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Centers of Excellence


Today’s energy and environmental needs require the expertise of a total-systems team that can focus on technical details while retaining a broad perspective. The Energy & Environmental Research Center (EERC) has more than 65 years of experience providing solutions for clean, efficient coal combustion.

For three decades, the EERC has investigated, developed, and demonstrated innovative, integrated approaches for water utilization and quality management. The EERC’s focus on partnerships, stakeholder-driven input, and applied research leads to development of intelligent solutions that help solve real-world problems.


  • Oil and gas produced water recycling and injection
  • Water resource assessment for oil and gas extraction
  • Water recovery from combustion flue gases and improved cooling systems for water minimization
  • Water demand/supply/conservation assessments and strategies
  • Municipal and industrial water and wastewater treatment
  • Water conservation strategies
  • Flood and drought mitigation
  • Soil and water sampling, monitoring, assessment, and remediation
  • Storm water management
  • Watershed-scale water quality and quantity modeling
  • Paleoclimatic trend research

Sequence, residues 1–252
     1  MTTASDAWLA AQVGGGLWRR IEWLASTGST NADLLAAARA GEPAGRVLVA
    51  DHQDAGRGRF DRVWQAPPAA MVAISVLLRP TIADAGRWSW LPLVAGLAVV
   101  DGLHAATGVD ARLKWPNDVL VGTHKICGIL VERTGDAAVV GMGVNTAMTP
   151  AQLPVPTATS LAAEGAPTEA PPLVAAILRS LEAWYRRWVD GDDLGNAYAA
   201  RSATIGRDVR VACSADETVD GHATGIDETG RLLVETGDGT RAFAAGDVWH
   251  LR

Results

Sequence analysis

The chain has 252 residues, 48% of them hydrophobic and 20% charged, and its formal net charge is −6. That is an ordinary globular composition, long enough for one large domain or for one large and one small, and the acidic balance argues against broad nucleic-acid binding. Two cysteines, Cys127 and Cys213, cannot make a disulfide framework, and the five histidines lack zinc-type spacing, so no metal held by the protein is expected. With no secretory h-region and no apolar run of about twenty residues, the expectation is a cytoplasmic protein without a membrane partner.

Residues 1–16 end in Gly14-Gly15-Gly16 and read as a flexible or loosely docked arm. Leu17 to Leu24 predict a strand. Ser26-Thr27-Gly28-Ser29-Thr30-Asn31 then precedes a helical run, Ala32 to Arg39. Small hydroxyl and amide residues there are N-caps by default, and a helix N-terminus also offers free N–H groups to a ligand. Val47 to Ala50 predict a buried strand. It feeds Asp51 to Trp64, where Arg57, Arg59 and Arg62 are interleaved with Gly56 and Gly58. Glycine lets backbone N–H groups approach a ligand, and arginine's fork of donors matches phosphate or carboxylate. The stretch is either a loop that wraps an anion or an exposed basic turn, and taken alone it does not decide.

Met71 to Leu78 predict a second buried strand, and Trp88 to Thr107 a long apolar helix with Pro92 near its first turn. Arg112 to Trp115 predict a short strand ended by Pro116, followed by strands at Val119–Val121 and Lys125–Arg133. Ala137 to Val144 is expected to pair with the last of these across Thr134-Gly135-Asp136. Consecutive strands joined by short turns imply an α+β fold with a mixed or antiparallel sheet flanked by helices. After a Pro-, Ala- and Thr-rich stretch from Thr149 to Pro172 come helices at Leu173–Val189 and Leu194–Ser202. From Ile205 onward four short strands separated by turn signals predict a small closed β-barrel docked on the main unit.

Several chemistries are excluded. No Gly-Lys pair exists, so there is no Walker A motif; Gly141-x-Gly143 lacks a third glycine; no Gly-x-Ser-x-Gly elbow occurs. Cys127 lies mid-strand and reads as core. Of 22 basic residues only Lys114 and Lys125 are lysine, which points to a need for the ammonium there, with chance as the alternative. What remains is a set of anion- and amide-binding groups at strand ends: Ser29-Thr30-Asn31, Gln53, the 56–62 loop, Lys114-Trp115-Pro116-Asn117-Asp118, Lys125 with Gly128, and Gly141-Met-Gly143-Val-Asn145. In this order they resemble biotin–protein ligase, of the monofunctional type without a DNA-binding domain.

• Anaerobic and waste/wastewater-to-energy technologies
  • Conventional and nonconventional microbiological research




Water for Oil and Gas Production

The EERC has unparalleled expertise in understanding and improving current coal-fired power plants and other electric generating systems. We are committed to meeting customer needs by providing solutions to a wide array of operational challenges in order to improve the performance of today’s utilities as well as develop advanced combustion systems for future coal utilization, such as advanced CO2 supercritical cycles.
Since its founding in 1951, the EERC has investigated, tested, and evaluated fuels, combustion and gasification technologies, ash use and disposal, analytical methods, groundwater impacts, cofiring technologies, and advanced environmental control systems.

Water Minimization in Thermoelectric Facilities

The electrical industry is second only to agriculture as the largest domestic user of water, accounting for about 40% of all freshwater withdrawals in the nation, with 90% used in fossil- and nuclear-based electricity generation. At the same time, global water resources are becoming more difficult to secure as water consumption outstrips the pace of renewal. The question of adequate supplies of water and the impact of power plant operations are, therefore, receiving growing attention. The EERC is working with the U.S. Department of Energy and a variety of corporate partners to reduce the water used in power systems.


Charles Gorecki
Director of Subsurface R&D

Brian Kalk
Director of Energy Systems Development

Energy & Environmental Research Center

15 North 23rd Street, Stop 9018
Grand Forks, ND 58202-9018

Useful Links

Plains CO2 Reduction (PCOR) Partnership

Partnership for CO2 Capture (PCO2C) Technology Development